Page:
Kerio Connect is an "award-winning, low-overhead alternative to Microsoft Exchange". Here's how to add two-factor authentication to Kerio on Linux.
Configure the WiKID Server
We assume you have both the Kerio Connect and the WiKID Strong Authentication Server installed and configured. Please download a free trial of the WiKID Strong Authentication Server.
In this example, the WiKID server has the IP address of 192.168.1.104 and the Bomgar is 192.168.1.102.
We assume that your WiKID server is setup. You need to add the Kerio server as a RADIUS network client. Click on the Network Clients tab and Create a New Network Client:
Give it a handy name and enter the Kerio server's IP address. Click Add.
Enter the shared secret and save it. That's it for the WiKID side.
Configure the Kerio Server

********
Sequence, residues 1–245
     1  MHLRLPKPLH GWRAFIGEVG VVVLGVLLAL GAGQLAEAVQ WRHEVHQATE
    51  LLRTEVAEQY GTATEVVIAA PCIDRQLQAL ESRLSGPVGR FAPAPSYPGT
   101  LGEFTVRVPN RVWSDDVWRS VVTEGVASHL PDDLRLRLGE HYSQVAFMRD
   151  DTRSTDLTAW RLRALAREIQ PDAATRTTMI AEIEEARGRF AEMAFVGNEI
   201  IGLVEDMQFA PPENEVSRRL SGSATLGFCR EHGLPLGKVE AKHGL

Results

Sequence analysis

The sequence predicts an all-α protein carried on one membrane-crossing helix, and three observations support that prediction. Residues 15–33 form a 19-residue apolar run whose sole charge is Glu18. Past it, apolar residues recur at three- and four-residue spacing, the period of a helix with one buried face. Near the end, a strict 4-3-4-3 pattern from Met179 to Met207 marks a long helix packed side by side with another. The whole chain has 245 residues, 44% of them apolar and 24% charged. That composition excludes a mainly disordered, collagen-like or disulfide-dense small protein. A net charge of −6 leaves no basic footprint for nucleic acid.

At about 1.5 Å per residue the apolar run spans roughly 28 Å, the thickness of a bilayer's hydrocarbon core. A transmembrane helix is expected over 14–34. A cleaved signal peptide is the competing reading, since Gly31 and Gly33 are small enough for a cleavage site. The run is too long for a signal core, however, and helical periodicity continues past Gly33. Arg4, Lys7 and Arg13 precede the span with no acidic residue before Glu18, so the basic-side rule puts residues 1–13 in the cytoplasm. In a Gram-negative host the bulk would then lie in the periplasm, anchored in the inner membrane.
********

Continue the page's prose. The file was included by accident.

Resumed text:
Kerio Connect doesn't support RADIUS natively, but it does support PAM, so it's possible to use PAM-RADIUS.
First install pam-radius as per our instructions for Redhat/Centos or Debian/Ubuntu. Your /etc/raddb/server on Redhat/Centos or /etc/pam_radius_auth.conf on Ubuntu should point to the WiKID server's IP. Do not make any changes to /etc/pam.d/sshd. Instead, edit the file /etc/pam.d/kerio-connect and change the first line to:
auth sufficient pam_radius_auth.so
Save your changes. That's it for the command line. Browse over the Kerio Connect Admin interface listening on port 4040. Click on the configuration tab and then Domains. Double-click on the domain to get two-factor authentication and click on the Advanced tab. You will see a box for Linux PAM. Enter kerio-connect and click OK.
Next, head to the Users tab. Select all the users that are to get two-factor authentication and click the Edit but (or right-click and select Edit).
For Authentication, select Linux Pam.
If you haven't already, download a WiKID software token and register it on your WiKID domain and login!